Buying a Home The Escrow Process Explained

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					      Buying a Home:
The Escrow Process Explained
  Buying a Home: The Escrow Process Explained


  If you’ve recently had your offer on a house accepted by the seller, you must be ready
  and waiting to move in! If you're on the other end of the transaction, you want your
  money! You’re also likely to be wondering, “What is escrow and why does it take so
  long?”


  Escrow may be the last hurdle in buying or selling real estate, but it's a hurdle that
  can take a while. Let's discuss what escrow really is and what needs to happen for
  everything to go smoothly.


  The Purpose of Escrow


  The escrow company simply acts as an impartial third party. They ensure that
  everything that must be done has been done before the property and the funds are
  swapped. So, they hold the money and the property and then transfer them to the
  proper parties when all the requirements have been met.


  For example, they would hold any earnest monies. How could you be sure the seller
  wasn’t going to cash your check and then refuse to sell you the house?


  The escrow company handles the money and the required documentation.


  Steps in the Escrow Process


     1. Appraisal.Your lender will have the home appraised, as it is part of their
        process to approve your home loan. It also serves as a second opinion regarding
        the fairness of the selling price. They’re making sure that the amount of the loan
        isn’t greater than the value of the home. The bank is always concerned about
        the collateral on the mortgage.


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2. Financing.Hopefully, you already have your financing secured, but it’s not
   uncommon for the lender to have additional requirements that must be met
   before they’ll provide the funds.Usually the underwriter working for the lender
   makes these requests.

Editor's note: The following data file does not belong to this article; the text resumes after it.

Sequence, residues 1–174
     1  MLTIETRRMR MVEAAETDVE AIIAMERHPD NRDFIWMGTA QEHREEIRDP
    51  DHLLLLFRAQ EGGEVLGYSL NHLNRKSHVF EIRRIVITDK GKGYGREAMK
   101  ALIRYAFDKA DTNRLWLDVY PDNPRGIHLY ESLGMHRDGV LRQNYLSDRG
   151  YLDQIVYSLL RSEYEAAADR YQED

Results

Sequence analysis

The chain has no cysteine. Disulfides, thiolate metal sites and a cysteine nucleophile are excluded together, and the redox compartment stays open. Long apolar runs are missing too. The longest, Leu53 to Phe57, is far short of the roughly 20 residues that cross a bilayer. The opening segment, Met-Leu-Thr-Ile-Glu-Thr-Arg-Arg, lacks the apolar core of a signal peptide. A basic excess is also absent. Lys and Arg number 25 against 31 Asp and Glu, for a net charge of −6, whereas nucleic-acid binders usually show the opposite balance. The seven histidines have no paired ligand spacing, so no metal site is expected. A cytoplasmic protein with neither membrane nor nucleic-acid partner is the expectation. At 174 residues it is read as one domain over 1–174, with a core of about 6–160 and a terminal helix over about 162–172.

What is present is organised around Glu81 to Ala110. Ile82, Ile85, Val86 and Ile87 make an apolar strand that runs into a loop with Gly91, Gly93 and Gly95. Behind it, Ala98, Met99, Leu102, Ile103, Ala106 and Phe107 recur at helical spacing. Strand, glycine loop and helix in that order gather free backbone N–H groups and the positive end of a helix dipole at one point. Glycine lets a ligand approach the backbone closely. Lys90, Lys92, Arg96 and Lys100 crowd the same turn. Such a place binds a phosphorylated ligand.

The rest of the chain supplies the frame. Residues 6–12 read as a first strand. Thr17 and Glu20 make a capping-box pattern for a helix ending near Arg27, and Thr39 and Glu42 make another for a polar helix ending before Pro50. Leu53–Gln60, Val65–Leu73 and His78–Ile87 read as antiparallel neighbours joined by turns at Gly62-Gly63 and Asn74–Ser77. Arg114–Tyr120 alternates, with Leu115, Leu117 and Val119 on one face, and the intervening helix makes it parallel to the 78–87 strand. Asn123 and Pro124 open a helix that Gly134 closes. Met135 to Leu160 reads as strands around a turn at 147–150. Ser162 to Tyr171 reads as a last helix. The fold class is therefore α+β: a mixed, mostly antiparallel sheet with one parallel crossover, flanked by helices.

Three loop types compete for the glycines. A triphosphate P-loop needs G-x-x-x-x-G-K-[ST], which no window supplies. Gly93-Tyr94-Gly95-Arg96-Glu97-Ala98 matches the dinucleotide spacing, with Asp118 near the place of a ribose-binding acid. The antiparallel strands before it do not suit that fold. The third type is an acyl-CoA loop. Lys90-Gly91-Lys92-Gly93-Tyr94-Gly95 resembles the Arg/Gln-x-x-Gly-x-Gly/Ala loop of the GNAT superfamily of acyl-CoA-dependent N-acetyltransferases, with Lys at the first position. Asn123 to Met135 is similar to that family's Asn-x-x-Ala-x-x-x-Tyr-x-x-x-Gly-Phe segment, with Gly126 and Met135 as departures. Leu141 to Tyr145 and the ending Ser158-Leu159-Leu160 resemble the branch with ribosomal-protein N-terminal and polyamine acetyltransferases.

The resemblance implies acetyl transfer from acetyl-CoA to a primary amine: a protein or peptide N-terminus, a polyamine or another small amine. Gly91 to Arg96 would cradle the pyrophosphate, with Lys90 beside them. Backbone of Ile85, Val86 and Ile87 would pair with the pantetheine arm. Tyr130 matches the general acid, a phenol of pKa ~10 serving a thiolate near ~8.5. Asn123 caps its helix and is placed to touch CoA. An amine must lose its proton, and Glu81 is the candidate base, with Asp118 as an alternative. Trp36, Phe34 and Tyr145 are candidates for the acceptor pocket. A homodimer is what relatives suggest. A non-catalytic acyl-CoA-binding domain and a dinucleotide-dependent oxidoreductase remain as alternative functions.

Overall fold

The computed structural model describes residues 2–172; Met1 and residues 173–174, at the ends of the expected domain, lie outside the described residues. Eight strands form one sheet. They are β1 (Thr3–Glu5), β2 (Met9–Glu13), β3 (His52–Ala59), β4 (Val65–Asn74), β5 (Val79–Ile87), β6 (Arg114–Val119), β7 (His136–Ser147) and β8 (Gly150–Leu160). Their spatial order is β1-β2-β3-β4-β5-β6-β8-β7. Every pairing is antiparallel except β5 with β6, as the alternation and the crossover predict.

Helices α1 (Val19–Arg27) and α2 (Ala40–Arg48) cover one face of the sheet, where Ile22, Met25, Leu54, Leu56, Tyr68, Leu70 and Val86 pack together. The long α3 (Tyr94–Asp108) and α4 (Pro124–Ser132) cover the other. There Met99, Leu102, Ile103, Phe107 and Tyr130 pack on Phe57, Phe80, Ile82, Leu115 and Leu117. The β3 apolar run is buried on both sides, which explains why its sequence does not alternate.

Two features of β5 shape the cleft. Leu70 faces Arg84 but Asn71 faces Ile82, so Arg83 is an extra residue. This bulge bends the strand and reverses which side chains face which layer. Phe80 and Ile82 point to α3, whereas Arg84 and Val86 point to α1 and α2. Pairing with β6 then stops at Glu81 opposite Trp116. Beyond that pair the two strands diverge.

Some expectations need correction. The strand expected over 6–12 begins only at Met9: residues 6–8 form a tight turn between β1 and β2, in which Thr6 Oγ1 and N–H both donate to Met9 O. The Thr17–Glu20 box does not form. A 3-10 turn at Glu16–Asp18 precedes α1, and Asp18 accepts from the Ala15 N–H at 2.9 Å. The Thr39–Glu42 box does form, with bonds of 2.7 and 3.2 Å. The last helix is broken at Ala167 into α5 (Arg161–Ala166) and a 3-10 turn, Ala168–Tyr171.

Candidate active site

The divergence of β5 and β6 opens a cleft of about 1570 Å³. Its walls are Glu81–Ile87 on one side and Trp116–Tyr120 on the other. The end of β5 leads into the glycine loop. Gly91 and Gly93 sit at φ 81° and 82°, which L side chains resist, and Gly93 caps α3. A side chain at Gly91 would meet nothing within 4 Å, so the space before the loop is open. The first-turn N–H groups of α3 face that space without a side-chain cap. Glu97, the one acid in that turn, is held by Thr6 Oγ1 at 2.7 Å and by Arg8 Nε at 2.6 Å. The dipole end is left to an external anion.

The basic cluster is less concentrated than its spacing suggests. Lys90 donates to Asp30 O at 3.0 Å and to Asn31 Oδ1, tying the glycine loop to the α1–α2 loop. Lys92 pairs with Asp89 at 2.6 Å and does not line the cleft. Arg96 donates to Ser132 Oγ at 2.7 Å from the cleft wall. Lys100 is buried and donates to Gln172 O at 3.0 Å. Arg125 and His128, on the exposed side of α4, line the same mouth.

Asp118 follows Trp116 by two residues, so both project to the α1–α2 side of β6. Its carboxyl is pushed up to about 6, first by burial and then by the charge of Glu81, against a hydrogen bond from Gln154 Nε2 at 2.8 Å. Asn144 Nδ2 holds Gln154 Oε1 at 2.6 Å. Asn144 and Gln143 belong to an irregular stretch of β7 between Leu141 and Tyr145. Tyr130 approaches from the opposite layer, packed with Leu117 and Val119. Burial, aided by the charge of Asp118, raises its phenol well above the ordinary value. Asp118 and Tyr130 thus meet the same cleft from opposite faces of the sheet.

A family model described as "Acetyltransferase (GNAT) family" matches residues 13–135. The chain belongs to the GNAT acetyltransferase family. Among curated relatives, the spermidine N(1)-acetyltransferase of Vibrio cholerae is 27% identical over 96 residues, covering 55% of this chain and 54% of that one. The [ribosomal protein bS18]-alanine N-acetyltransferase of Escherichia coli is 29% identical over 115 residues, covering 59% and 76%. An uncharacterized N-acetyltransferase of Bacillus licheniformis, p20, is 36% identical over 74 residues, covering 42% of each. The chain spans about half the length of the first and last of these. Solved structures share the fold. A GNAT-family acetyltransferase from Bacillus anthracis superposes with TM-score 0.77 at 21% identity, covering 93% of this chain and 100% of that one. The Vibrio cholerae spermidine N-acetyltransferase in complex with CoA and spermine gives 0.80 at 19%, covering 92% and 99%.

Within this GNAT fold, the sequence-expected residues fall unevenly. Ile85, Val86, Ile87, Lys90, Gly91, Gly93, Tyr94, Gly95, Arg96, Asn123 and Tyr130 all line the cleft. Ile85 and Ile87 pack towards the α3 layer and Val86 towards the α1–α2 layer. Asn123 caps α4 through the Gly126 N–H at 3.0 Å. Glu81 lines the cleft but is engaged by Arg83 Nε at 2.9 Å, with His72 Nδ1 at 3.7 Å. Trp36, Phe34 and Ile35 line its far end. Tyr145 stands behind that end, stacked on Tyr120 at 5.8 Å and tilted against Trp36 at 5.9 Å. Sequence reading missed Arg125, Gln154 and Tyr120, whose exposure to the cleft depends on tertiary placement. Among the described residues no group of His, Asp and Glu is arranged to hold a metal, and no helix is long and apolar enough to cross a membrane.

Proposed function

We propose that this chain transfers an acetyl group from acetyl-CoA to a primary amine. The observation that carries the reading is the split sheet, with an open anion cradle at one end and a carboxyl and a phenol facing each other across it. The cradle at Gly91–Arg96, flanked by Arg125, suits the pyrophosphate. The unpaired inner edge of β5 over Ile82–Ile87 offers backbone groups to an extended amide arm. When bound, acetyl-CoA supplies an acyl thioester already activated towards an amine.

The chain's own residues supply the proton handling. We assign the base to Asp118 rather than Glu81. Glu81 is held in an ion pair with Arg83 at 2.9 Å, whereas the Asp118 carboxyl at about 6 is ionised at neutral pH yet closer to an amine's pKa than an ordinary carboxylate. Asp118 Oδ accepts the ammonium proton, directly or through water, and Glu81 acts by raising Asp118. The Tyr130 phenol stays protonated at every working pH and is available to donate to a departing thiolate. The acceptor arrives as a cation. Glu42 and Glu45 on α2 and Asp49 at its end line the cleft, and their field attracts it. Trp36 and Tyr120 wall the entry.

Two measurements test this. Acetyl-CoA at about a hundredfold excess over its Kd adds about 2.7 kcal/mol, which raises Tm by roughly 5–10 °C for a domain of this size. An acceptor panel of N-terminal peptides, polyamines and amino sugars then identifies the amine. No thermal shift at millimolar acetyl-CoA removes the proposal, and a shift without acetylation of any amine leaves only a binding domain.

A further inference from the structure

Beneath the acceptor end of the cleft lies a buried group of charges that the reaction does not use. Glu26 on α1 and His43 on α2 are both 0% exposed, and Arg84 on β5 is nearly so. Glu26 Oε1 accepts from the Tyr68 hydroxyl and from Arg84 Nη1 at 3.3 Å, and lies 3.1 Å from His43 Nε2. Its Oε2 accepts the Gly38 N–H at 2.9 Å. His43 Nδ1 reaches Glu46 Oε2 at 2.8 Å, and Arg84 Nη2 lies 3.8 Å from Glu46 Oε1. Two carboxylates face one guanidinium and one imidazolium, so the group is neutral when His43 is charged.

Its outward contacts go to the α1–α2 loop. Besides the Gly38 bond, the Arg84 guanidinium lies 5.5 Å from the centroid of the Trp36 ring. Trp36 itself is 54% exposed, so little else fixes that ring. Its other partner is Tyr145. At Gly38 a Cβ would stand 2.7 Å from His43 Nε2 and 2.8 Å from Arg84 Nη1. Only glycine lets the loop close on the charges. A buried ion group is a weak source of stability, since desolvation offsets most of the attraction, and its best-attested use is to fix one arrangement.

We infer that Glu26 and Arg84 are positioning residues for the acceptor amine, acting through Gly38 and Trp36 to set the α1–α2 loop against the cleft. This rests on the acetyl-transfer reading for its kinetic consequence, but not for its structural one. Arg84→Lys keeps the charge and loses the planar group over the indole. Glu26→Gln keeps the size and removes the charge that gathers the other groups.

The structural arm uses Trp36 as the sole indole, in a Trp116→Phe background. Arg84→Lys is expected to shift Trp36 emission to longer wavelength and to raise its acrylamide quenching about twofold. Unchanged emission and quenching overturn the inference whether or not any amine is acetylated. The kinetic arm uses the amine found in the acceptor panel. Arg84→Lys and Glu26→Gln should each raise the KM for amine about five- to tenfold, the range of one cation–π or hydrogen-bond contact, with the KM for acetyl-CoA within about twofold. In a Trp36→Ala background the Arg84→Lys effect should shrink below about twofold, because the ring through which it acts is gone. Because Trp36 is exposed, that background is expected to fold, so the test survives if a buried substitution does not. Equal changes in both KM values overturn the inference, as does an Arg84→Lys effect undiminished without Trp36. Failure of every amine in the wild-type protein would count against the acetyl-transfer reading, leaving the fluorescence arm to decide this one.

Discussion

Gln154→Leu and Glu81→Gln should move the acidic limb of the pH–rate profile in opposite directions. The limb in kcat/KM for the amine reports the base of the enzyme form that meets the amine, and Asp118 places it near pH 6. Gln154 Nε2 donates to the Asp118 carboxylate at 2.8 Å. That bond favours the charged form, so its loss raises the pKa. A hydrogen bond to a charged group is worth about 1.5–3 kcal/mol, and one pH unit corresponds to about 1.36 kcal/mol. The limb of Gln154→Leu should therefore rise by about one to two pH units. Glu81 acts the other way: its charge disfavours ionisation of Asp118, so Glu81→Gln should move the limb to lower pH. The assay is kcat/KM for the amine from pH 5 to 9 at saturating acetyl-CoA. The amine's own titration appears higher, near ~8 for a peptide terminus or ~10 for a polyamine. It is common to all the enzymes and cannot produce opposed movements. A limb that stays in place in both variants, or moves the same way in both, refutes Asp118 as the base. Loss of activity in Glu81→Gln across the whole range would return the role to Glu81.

The escrow company helps to ensure that these additional requirements
       are met before the closing takes place.



3. Various Inspections.A home inspection, termite / pest inspection, hazard
   inspection, and more are normally required before the bank will approve the
   loan. The bank doesn't want to make a loan until it’s fully aware of the condition
   of the property.

       The home inspection will look at the electrical system, plumbing,
       structure, roof, and general condition of the property. It will also assess
       any necessary repairs. Pest inspections look for termite damage and any
       other type of infestation that would reduce the value of the property or
       require extermination.



       The bank’s primary concern with these inspections is that they’ll be able
       to get their money back out of the property should the buyer fail to make
       the mortgage payments.



4. Title Search.Do the sellers even own the house? Are the property taxes paid
   up? Are there any other liens against the property? A title search will make sure
   there are no clouds on the title.

       Basically, the title search ensures that there are no creditors with any
       claims against the home and that the seller actually has the right to sell
       the house. It also looks for any other people that might have an ownership
       claim on the property.




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                                              For example, can the husband sell the house without the wife’s
                                              agreement? Are there any uncles, cousins, business partners, or anyone
                                              else that has a claim to the home?



                                              Title insurance is also part of the closing process. This means the
                                              insurance issuer will deal with any title problems that may have been
                                              missed during the title search.



                                      5. Insurance.Your lender will require home insurance. Obviously, they want to
                                         know that they will be paid if the house is destroyed.




                                   While this list is not inclusive, it covers the basics of the escrow process. It varies from
                                   state to state. Your escrow company, lender, real estate attorney, and real estate
                                   agent are all very familiar with the process. Don't be afraid to ask any questions you
                                   may have so you can help expedite the process where necessary and move into your
                                   new home as soon as possible.




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Curtis Rose is an experienced professional with extensive experience in all
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